Mahila Samakhya Programme

  • The Mahila Samakhya programme was launched in 1988 to pursue the objectives of the National Policy on Education, 1986.
  • The National Policy on Education, 1986 recognised that the empowerment of women is possibly the most critical pre-condition for the participation of girls and women in the educational process.

It recognised that education can be an effective tool for women’s empowerment, the parameters of which are:

  • enhancing self-esteem and self-confidence of women;
  • building a positive image of women by recognizing their contribution to the society, polity and the economy;
  • developing ability to think critically;
  • fostering decision making and action through collective processes;
  • enabling women to make informed choices in areas like education, employment and health (especially reproductive health);
  • ensuring equal participation in developmental processes;
  • providing information, knowledge and skill for economic independence;
  • enhancing access to legal literacy and information relating to their rights and entitlements in society with a view to enhance their participation on an equal footing in all areas.

Significance

  • It stood out for its different approach. Bringing both central and respective state governments to the table, it also included and consulted women’s groups and voluntary organisations.
  • Its aim was to work in areas where female literacy was low, and to innovate in bridging the gender gap in literacy.
  • Rather than just focusing on literacy, it took a cue from the National Policy on Education 1986 that had stated that “education will be used as an agent for basic change in the status of women.” To do this, sanghas or collectives of the poorest and most marginalised women were formed with the help of local voluntary organisations.
  • Through these sanghas, the women received not just basic literacy skills but also learned how to get information about their rights and entitlements, what to do about employment, legal literacy and health (including reproductive health). The sangha members were viewed as “active agents in their empowerment” rather than passive recipients of welfare or charity.

Performance Evaluation

  • National evaluation by the Ravi J Matthai Centre for Educational Innovation, Indian Institute of Management, Ahmedabad in November 2014, done at the behest of the central government, is largely positive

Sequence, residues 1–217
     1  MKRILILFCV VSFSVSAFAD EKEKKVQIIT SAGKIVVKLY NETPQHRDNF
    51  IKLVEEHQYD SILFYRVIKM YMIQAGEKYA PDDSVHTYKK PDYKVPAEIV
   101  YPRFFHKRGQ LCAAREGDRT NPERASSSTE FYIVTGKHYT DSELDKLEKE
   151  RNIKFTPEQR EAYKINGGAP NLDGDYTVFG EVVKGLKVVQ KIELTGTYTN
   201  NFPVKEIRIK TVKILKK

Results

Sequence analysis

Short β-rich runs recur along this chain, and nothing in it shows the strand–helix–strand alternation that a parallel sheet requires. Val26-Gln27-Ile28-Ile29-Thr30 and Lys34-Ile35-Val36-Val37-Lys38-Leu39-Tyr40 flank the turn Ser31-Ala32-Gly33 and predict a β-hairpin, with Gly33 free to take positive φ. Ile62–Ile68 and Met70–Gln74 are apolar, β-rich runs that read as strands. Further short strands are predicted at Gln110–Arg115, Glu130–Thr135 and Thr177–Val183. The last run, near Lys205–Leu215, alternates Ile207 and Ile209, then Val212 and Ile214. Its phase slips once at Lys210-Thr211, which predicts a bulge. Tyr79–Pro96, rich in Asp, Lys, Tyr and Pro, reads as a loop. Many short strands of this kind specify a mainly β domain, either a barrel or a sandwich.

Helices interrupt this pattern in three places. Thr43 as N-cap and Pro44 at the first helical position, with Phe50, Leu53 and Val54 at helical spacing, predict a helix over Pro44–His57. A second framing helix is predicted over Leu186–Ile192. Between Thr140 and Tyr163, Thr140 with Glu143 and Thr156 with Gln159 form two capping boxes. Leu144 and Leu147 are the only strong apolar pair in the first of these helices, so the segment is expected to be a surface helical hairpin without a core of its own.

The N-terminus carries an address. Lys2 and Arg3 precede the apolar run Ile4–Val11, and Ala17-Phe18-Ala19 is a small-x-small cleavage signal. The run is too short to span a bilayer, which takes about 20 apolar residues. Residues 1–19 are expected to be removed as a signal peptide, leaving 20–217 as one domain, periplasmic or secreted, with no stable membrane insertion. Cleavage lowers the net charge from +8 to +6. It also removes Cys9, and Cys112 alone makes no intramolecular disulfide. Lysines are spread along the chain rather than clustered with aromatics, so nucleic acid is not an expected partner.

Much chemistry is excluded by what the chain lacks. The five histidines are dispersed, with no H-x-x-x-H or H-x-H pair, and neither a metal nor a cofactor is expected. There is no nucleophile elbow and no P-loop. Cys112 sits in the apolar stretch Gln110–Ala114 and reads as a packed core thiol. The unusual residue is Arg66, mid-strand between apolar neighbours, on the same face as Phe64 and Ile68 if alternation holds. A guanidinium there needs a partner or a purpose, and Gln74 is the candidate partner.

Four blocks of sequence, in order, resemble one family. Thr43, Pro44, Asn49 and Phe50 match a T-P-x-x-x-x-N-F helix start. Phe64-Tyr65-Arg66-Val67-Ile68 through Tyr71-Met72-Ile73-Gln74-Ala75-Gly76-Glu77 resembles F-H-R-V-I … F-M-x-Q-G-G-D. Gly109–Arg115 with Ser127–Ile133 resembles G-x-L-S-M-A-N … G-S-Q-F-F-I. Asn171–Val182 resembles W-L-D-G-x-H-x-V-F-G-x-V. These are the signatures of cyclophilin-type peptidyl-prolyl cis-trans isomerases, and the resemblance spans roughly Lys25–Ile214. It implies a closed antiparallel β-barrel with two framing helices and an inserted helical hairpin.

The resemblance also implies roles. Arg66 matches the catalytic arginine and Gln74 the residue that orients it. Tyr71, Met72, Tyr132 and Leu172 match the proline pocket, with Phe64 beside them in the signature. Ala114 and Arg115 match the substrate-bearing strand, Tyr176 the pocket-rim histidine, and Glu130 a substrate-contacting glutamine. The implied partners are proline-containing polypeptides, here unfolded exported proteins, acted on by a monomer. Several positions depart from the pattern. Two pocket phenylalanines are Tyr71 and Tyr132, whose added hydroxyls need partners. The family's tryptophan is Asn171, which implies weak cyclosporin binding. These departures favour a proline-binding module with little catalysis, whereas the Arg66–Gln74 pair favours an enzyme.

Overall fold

• The 2014 evaluation records the very real changes that had come into the lives of sangha women both in the public arena and in their private spaces.
  • At the time of last year’s review, the programme had grown from the initial pilot in 1989 to one spread over 130 districts in 11 states, 679 blocks/mandals and with a presence in 44,446 villages. There were 55,402 sanghas with over half the members from the lowest castes. Altogether there were well over 14 lakh women members of sanghas organised into 325 federations.
  • Of these, around five lakh women were in savings and credit groups (21,825) and the programme also innovated through its Mahila Shikshan Kendras and Nari Adalats (women’s courts).
  • The programme is also credited with preparing women to participate in panchayati raj institutions. Over the years, 30,390 sangha members had contested panchayati raj elections and 12,905 were elected.
  • The evaluation concluded that, “[the] approach to empowerment, which begins by addressing multiple modes of discrimination first has heldMS [Mahila Samakhya] in good stead.”

The central government however decided to stop funding the programme from March 2016. Without these funds, although some parts of the programme could still survive, it would be scaled down drastically, ultimately leading to its closure. Academics, women’s activists and others have expressed disquiet at the impending closure of this innovative and globally acknowledged women’s empowerment programme

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